Melomania

From Coachella and Lollapalooza in the US to Rock in Rio (Brazil) and Mawazine (Morocco), music festivals are the best places to find millions of people in the gyrating throes of melomania. In this manic word, the -mania is prefixed by a derivative of the Greek melos (“song, tune”)—the same prefix in melody.

Melomaniacs possess an uncontrollable passion for all things melodic. In fact, these music maniacs also go by the name musicomaniacs whenever they want to make sure others know they’re insanely passionate about all aspects of music—melodies, harmonies, rhythms, rests, dynamics, lyrics, you name it. For these guys, music is the ultimate macrocosm, microcosm, and every ‘cosm in between.

Phagomania

Phagomania is a compulsive desire to eat. If you’re afraid you suffer from phagomania whenever a box of donuts is in front of you, no worries. It’s normal to want to inhale them, but if you've had three already and you still go back for two more . . . you may be bordering on phagomania. The key is learning when enough is enough.

Catapedamania

Sounds like a maniacal love of caterpillars, but catapedamania is actually an obsession with jumping from high places. Bungee jumpers, sky-divers, high-diving-board gravitaters, and the like all have this mad habit. Literally, in Greek this mania translates as “downward (cata) foot (ped) mania.” Makes sense unless you decide to dive head first!

Logorrhea

This mania borrows its -ia suffix from the word diarrhea, but it's not nearly as disgusting . . . . 

Logorrhea refers to excessive and sometimes incoherent talkativeness; “an excessive flow of words.” Diarrhea of the mouth you might say? Well, this mania is so common, there's another word for it too . . . .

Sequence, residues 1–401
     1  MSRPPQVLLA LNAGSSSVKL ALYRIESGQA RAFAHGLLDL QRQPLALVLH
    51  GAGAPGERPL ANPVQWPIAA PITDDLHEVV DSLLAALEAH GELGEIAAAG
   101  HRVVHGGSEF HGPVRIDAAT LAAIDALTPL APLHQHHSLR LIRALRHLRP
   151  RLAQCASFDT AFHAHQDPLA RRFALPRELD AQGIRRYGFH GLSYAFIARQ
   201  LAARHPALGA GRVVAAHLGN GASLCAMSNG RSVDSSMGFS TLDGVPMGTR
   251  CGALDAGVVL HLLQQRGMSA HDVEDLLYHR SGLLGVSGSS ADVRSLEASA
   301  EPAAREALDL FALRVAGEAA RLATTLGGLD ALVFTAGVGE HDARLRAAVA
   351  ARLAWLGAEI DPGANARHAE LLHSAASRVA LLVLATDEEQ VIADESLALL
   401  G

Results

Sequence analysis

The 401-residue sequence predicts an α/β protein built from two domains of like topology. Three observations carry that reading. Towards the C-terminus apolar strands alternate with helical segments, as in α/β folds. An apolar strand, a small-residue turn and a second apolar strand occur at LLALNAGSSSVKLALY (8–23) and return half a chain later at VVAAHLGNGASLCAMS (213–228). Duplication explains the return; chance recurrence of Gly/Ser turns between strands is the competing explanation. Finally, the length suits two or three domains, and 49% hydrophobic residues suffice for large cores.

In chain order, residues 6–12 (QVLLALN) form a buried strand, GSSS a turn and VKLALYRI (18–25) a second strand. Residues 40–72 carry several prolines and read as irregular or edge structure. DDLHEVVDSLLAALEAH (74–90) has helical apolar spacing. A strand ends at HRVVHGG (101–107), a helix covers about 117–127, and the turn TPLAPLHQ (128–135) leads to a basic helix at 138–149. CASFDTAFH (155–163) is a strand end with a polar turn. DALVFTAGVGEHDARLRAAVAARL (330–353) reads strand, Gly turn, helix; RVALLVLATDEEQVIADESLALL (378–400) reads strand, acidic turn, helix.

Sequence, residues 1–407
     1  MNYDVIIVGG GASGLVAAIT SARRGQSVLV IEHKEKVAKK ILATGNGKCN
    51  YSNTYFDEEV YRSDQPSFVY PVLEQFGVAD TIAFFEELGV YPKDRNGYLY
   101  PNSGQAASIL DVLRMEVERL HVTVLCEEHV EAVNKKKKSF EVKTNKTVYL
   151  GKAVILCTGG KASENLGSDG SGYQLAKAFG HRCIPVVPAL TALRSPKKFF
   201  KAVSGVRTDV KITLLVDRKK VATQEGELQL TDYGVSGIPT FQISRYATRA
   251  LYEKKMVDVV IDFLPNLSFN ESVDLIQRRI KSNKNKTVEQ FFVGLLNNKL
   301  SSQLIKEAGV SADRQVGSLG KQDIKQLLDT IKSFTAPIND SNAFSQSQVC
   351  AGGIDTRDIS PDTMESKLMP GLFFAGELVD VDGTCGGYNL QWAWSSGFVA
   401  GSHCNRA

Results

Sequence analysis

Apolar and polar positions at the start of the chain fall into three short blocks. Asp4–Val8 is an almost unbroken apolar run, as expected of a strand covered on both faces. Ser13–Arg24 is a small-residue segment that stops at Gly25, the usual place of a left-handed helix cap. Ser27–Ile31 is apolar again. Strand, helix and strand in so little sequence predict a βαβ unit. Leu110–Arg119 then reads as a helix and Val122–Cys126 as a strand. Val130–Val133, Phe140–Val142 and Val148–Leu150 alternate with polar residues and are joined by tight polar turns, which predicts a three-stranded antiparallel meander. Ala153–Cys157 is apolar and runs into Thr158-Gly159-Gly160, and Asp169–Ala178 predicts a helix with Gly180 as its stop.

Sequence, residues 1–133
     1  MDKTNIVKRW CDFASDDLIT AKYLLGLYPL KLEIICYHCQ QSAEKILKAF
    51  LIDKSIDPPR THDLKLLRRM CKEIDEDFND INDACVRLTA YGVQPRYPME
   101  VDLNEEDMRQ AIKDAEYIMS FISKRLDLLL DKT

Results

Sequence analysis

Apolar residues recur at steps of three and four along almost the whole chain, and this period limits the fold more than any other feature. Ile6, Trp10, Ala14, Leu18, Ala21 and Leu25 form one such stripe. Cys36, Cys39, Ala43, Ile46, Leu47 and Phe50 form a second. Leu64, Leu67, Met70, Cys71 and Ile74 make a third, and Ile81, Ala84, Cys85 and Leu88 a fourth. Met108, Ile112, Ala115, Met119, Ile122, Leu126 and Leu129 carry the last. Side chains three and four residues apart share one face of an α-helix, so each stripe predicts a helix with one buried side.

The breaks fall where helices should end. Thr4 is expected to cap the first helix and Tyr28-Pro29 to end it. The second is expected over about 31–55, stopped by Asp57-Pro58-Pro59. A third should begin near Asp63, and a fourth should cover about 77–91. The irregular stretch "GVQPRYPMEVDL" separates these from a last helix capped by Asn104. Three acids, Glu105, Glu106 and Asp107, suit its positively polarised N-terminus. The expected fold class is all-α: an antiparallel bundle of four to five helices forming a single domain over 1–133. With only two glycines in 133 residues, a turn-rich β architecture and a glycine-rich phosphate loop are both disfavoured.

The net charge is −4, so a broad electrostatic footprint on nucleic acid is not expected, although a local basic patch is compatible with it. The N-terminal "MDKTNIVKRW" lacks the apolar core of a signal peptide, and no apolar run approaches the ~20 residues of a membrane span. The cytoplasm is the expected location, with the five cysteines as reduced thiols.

Logomania, lexicomania, typomania, verbomania

Words are so easy to become obsessed with! Fittingly, there are at least four -mania words to describe these compulsions. (We might have all four!)

Anyone exceedingly, fanatically interested in words suffers from verbomania. Logomania (similar to logorrhea above, no?) is a form of insanity where people talk incessantly, usually without making sense. But, the term’s also used lightheartedly for “over-talkativeness”; whether nervous, giddy, or full of liquid courage, most everyone becomes a logomaniac at some point.

Of course, some people really aren’t so crazy about blabbing. For those folks, their mad habits might be lexicomania ("obsession with collecting dictionaries") and typomania ("obsession with typography"). Typomania also applies to the compulsion to put thoughts in writing (like at 3am . . . you’ve been there, too, huh?).

Clinomania

To some degree, on a Saturday morning, everyone succumbs to clinomania. Think “reclining” (and the place where you spend a third of your lifetime doing it).

Clinomania is "an excessive desire to stay in bed." The gentle nest of a comfy mattress and cuddly covers is just about impossible to climb out of, or, as one clinomaniac put it, “the thought of leaving bed is as daunting as leaving the womb.” However, if a clinomaniac hasn't seen the light of day for . . . well, days, it could be a sign of depression, so keep a look out and be ready to step in if necessary! Support can come from beyond the mattress springs as well.

Poriomania

Poriomania is a passion for wandering or journeying away from home, which has a melancholic beauty to it if you're thinking about a young 20-something venturing out on their own.

But sometimes, the passion for wandering away from home is described as morbidmeaning caused by a disease, which explains why this mania is often seen in people with dementia.